Adiponectin: Volume 90
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Adiponectin: Volume 90

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Description

First published in 1943, Vitamins and Hormones is the longest-running serial published by Academic Press.

Under the capable and qualified editorial leadership of Dr. Gerald Litwack, Vitamins and Hormones continues to publish cutting-edge reviews of interest to endocrinologists, biochemists, nutritionists, pharmacologists, cell biologists and molecular biologists. Others interested in the structure and function of biologically active molecules like hormones and vitamins will, as always, turn to this series for comprehensive reviews by leading contributors to this and related disciplines.
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Product details

  • Hardback | 480 pages
  • 152.4 x 231.14 x 25.4mm | 748.42g
  • Academic Press Inc
  • San Diego, United States
  • English
  • New
  • 0123983134
  • 9780123983138

Table of contents

Lifestyle Factors Increasing Adiponectin Synthesis and Secretion
Justine M. Tishinsky, David J. Dyck, Lindsay E. Robinson

Molecular Tools to Characterize Adiponectin Activity
Cathleen Juhl and Annette G. Beck-Sickinger

Nutritional and Hormonal Modulation of Adiponectin and Its Receptors AdipoR1 and AdipoR2
Cristiane de Oliveira, Ana Barbosa Marcondes de Mattos, Carolina Biz Rodrigues Silva, Joao Felipe Mota, Juliane Costa Silva Zemdegs

Regulation and Function of Adiponectin Receptors in Skeletal Muscle
Yaniv Lustig, Rina Hemi and Hannah Kanety

Screening for Adiponectin Secretion Regulators
Kyosuke Hino and Hidetaka Nagata

Adiponectin and PPAR : Cooperative and Interdependent Actions of Two Key Regulators of Metabolism
Olga Astapova and Todd Leff

Glucocorticoid Effects on Adiponectin Expression
Siddharth Sukumaran, Debra C. DuBois, William J. Jusko, and Richard R. Almon

Adiponectin and Reproduction
Esther Dos Santos, Rene Pecquery, Philippe De Mazancourt and Marie-Noelle Dieudonne

Adiponectin and Its Receptors in Preimplantation Embryo Development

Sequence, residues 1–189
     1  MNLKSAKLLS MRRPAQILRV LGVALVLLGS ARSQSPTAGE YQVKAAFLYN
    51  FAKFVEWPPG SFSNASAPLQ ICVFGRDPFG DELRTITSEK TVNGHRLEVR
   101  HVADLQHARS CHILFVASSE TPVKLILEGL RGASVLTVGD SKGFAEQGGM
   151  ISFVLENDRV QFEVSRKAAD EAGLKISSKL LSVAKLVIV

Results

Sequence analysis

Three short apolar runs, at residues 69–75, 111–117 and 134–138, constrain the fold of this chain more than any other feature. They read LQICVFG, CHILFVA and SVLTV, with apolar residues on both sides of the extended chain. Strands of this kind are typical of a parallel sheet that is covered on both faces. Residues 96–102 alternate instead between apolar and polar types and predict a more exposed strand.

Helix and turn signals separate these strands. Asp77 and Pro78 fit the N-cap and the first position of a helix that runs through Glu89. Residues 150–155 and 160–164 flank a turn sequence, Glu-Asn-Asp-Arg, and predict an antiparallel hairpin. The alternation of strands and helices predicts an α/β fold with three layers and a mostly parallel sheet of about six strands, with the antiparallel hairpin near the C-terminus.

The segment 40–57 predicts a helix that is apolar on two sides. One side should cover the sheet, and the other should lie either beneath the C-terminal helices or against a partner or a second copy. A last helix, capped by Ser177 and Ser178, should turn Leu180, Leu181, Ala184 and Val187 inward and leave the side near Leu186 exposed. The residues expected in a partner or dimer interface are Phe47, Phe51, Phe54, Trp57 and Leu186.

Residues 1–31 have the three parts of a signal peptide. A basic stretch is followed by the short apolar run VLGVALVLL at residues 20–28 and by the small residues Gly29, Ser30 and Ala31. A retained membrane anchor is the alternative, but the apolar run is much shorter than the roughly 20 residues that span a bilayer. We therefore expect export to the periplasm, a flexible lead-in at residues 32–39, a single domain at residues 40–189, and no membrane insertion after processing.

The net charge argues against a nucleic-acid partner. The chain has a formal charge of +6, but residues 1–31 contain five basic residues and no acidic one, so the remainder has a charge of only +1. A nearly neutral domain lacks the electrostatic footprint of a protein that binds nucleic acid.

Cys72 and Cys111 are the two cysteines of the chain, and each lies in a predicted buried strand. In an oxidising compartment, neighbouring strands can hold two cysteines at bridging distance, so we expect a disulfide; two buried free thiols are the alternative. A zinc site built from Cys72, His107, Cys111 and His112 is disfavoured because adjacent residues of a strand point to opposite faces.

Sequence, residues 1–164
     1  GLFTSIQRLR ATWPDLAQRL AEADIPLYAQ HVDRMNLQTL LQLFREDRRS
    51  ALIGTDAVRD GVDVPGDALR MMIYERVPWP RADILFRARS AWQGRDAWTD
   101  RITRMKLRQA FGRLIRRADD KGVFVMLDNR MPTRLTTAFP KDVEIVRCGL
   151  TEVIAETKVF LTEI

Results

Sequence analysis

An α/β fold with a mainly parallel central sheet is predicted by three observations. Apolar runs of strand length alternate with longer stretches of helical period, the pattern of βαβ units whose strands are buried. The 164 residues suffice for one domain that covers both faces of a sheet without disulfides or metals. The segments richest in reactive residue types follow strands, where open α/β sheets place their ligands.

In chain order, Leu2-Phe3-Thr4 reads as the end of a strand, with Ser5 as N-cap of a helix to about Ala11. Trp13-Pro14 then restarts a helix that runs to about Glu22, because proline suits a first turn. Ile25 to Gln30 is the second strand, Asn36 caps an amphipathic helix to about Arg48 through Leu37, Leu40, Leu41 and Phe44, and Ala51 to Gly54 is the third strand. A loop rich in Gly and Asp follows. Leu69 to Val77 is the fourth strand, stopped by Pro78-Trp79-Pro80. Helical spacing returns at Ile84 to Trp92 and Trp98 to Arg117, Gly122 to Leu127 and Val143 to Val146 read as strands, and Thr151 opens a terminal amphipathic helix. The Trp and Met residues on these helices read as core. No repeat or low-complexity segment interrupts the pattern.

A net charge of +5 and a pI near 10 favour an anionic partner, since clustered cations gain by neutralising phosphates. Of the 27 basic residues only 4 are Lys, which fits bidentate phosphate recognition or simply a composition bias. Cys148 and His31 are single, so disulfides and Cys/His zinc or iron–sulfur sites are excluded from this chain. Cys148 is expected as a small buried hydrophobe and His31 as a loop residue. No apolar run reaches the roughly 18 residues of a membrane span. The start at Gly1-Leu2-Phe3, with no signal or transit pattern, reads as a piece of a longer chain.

Stefan Cikos

Adiponectin and the Control of Female Reproductive Functions
Marie-France Palin, Vilceu Bordignon V and Bruce D. Murphy

Adiponectin in the Heart and Vascular System
Min Ding, Eva M. Rzucidlo, Jennifer C. Davey, Yi Xie, Renjing Liu, Yu Jin, Lindsey Stavola, and Kathleen A. Martin

Adiponectin Interactions In Bone and Cartilage Biology And Disease
Massimiliano Ruscica, Liliana Steffani, and Paolo Magni

Lipid-Lowering Drugs and Circulating Adiponectin
Desiree Wanders, Eric P. Plaisance, Robert L. Judd

Adiponectin And Interleukin-6 In Inflammation-Associated Disease
Li Li, and Li-Ling Wu

New Insights into Anti-Carcinogenic Properties of Adiponectin: a Potential Therapeutic Approach in Breast Cancer?
Laetitia Delort, Thierry Jarde, Virginie Dubois, Marie-Paule Vasson, Florence Caldefie-Chezet

Adiponectin: A Novel Link between Adipocytes and COPD

Yoshito Takeda, Kaori Nakanishi, Isao Tachibana, Atsushi Kumanogoh
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About Thomas Jefferson

Following a liberal arts education with a major in chemistry and biology at Hobart College, Gerald (Gerry) Litwack earned M.S. and PhD degrees in biochemistry from the University of Wisconsin, Madison where he served as a Lecturer in Enzymology before starting a postdoctoral fellowship from the National Foundation for Infantile Paralysis at the Biochemical Institute of the Sorbonne in Paris. His first academic position was assistant professor of biochemistry at Rutgers University where he started his work on hormone action for six years. During this period, he did a sabbatical at the University of California, Berkeley, where he concentrated on rapid enzyme kinetics. In 1960 he accepted an offer of an associate professorship at the University of Pennsylvania Graduate School of Medicine. In 1964, he was invited to be full professor of biochemistry at The Fels Institute for Cancer Research and Molecular Biology at Temple Medical School, simultaneously with a Career Development Award from the NIH, where he later was named Deputy Director of the Institute and the Laura H. Carnell Professor in biochemistry. Subsequently, he was given the Faculty Research Award. He co-discovered ligandin, later found to be in the family of glutathione S-transferases, enzymes that protect the body from carcinogens. In 1991, he moved to the Jefferson Medical College at Thomas Jefferson University as Professor of Biochemistry, Chair of the Department of Pharmacology and Deputy Director of the Kimmel Cancer Research Institute. Later, he became chair of the combined Department of Biochemistry and Molecular Pharmacology and concurrently held the position of Vice Dean for Research. In 2003, he moved to Los Angeles and from 2004-2006 was a Visiting Scholar at the University of California, Los Angeles, in the Department of Biological Chemistry of the Geffen School of Medicine and, in this period, wrote "Human Biochemistry and Disease" a volume of 1254 pages. In 2007, he moved to Scranton, Pennsylvania, as Founding Chair of Basic Sciences and Acting Associate Dean for Research to start a new medical school, The Commonwealth Medical College. Having completing his mission in 2010, he moved to The Institute for Regenerative Medicine, Texas A & M Health Science Center, as Professor of Biochemistry and Associate Director. Currently, he is retired and lives in North Hollywood, California, where he continues as an author and as Series Editor of Vitamins and Hormones. He is involved in writing another textbook and has written a first novel, "One-Eighty".
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